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Bitcoin, Ethereum & Stablecoin Tribes Fight Over Benefits Of OCC News

Bitcoin, Ethereum & Stablecoin Tribes Fight Over Benefits Of OCC News 101
Source: iStock/titoslack

Following a major announcement by the US Office of the Comptroller of the Currency (OCC), major tribes within the crypto space - be it stablecoins, Bitcoin (BTC), Ethereum (ETH), etc. - started claiming the news is beneficial for them specifically.

On Monday, the OCC published Interpretive Letter 1174, which stated that banks may use new technologies, including stablecoins and independent node verification networks (INVNs, or blockchain networks), to perform bank-permissible functions. This, among other things, means that a bank may use stablecoins to facilitate payment transactions for customers, and may also issue these coins and exchange them for fiat. The participating banks, however, must be aware of the accompanying compliance, operational, and fraud risks, warned the federal banking regulator.

"May well be the most clear-eyed regulatory commentary on public blockchains I've ever seen," commented partner at Castle Island Ventures and Coin Metrics co-founder Nic Carter, with others quickly sharing their thoughts too on how relevant this is for the Cryptoverse:

Therefore, as soon as the news was out, supporters of different crypto camps started commenting that the news is beneficial for the project(s) they are supporting. As they were directly named, stablecoins were the first to be discussed in this context. "This is a huge win for crypto and stablecoins - USDC," said Jeremy Allaire, CEO of crypto financial services firm behind the USD coin (USDC) stablecoin, Circle. This will lead to the use of currencies such as USDC as a mainstream payment medium for all forms of payments and settlements, he said, and it "sets the stage for more regulated financial institutions to run blockchain nodes, and even become validators."

However, Paolo Ardoino, Chief Technology Officer at Tether, the issuer of the most popular stablecoin, tether (USDT), urged not to "get too excited" because "apart microscopic banks, the big majority won't be using any existing stablecoin."

"Banks will issue their own stablecoin(s) and unlikely to use public blockchain much, both for privacy and speed reasons. Best outcome is that banks will reduce their operational costs and learn that the world evolved since 1970," Ardoino said.

However, the OCC previously addressed the permissibility of a national bank holding reserves for stablecoins that are backed by fiat currency on at least a 1:1 basis. As reported, Tether claims that all tethers are backed 100% by its reserves, however, it does not provide any further information about its reserves. Meanwhile, according to the latest audited data, the issued and outstanding USDC tokens do not exceed the balance of the US dollars held in custody accounts.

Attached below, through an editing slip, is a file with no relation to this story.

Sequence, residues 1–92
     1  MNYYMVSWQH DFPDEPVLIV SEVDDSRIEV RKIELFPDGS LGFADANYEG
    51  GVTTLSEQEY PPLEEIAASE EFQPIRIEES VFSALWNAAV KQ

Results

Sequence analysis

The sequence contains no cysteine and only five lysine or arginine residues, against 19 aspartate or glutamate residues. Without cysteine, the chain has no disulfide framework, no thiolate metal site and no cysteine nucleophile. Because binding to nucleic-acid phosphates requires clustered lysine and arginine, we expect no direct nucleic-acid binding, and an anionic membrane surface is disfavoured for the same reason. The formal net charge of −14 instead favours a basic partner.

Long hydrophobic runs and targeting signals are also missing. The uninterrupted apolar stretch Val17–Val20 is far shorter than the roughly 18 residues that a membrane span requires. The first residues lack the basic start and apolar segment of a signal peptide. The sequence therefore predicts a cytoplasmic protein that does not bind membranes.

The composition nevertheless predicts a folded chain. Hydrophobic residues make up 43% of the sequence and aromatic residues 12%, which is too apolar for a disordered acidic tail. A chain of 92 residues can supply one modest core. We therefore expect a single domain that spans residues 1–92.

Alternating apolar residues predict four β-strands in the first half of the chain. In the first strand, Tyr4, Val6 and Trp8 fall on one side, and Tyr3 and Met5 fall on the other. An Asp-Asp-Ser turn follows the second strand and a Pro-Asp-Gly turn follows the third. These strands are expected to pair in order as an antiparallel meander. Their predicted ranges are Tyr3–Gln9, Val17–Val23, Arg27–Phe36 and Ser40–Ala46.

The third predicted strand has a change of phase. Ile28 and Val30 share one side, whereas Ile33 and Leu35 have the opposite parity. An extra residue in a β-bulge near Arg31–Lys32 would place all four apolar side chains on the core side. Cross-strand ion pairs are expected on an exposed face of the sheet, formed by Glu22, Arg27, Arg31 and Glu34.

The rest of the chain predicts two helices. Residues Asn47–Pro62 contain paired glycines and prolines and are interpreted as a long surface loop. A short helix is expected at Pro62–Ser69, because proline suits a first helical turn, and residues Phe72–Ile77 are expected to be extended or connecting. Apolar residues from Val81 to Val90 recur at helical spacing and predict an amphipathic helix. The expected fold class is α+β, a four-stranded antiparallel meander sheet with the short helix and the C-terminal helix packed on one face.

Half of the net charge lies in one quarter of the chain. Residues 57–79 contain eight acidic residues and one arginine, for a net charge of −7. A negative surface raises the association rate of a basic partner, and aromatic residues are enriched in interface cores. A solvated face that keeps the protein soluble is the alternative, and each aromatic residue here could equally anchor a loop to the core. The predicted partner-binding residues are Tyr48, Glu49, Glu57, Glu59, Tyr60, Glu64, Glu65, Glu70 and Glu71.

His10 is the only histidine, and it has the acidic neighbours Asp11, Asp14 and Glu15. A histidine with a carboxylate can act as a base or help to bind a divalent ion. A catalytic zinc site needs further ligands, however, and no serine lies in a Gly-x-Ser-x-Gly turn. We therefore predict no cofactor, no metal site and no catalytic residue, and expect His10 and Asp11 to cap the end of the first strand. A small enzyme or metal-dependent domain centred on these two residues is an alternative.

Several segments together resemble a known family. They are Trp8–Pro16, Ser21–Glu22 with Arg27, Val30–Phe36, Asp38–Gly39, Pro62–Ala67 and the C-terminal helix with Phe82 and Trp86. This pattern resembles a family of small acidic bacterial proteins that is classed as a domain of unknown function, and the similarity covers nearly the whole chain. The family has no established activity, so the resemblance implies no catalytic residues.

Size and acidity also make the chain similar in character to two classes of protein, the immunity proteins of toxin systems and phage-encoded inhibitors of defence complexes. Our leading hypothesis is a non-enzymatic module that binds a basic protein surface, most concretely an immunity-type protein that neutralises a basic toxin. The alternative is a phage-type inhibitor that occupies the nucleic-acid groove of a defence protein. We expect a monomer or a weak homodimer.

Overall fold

Then, bitcoiners joined the discussion. "BTC is the settlement layer for all interbank transactions" and is "what everybody agrees upon on for all stablecoin issuers," argued a commenter on Twitter, with another replying that Bitcoin is a slow network with rising fees when it "gets busy." Binance CEO Changpeng Zhao stated that after the banks get used to using stablecoins for settlement, "they will also learn using bitcoin to settle is much better still, for the banks and everyone else." And Nic Carter also commented that "stablecoins = bridge technology. final destination: still bitcoin."

And then the arguments between the BTC and ETH camps began again (or still).

Therefore, the ETH camp wasn't far behind. "This is the US financial system conceding to Ethereum and public open blockchains, there wasn't even a fight-me stage," said a Redditor. Tom Lombardi, Managing Director at 3iQ Digital Asset Management wondered "why isn't ETH pumping," as the OCC just gave it "the green light to take over the payment system." But Bankless' Ryan Sean Adams tweeted that, as all banks will have a stablecoin strategy and Ethereum leads in stablecoin settlements, this network rises as the winner.

Other projects were mentioned too, such as cardano (ADA) and stellar (XLM). A Redditor, for example, wrote that "XLM will be the big winner here."

Meanwhile, some commenters are suggesting XRP as a solution for settling cross border payments sending remittances, wondering whether stablecoins can accomplish the same things XRP can. Others, however, believe the announcement spells doom for the project, as all this is happening at the time when Ripple is being sued by the US Securities and Exchange Commission (SEC).

However, others have argued that the news may not be as beneficial as initially thought - for anybody. The US Treasury is "adding a second layer on top of the blockchain," which is "a mound of paperwork on top of every address, every transaction, until the blockchain is just some bureaucratic nightmare," said 'chuck_portis' on Reddit. Their "dinosaur technology" is slowing down the innovative one. "[T]hey're basically taking a car and tying a horse in front of it to make sure it stays under the speed limit," they said.

Yet, the announcement seems to have given more hope to the Cryptoverse that not all regulators are bent on regulating the space out of existence, warping it into an unfamiliar mass far removed from what it originally represented, with some adding that there are more battles to be fought - and ultimately won.

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Learn more:
Crypto Can Disrupt Legacy Finance And Add Another Layer On It - Panel
Crypto Adoption in 2021: Bitcoin Rules, Ethereum Grows & Faces Rivals
Crypto Regulation in 2021: The Piecemeal Approach & New Winds

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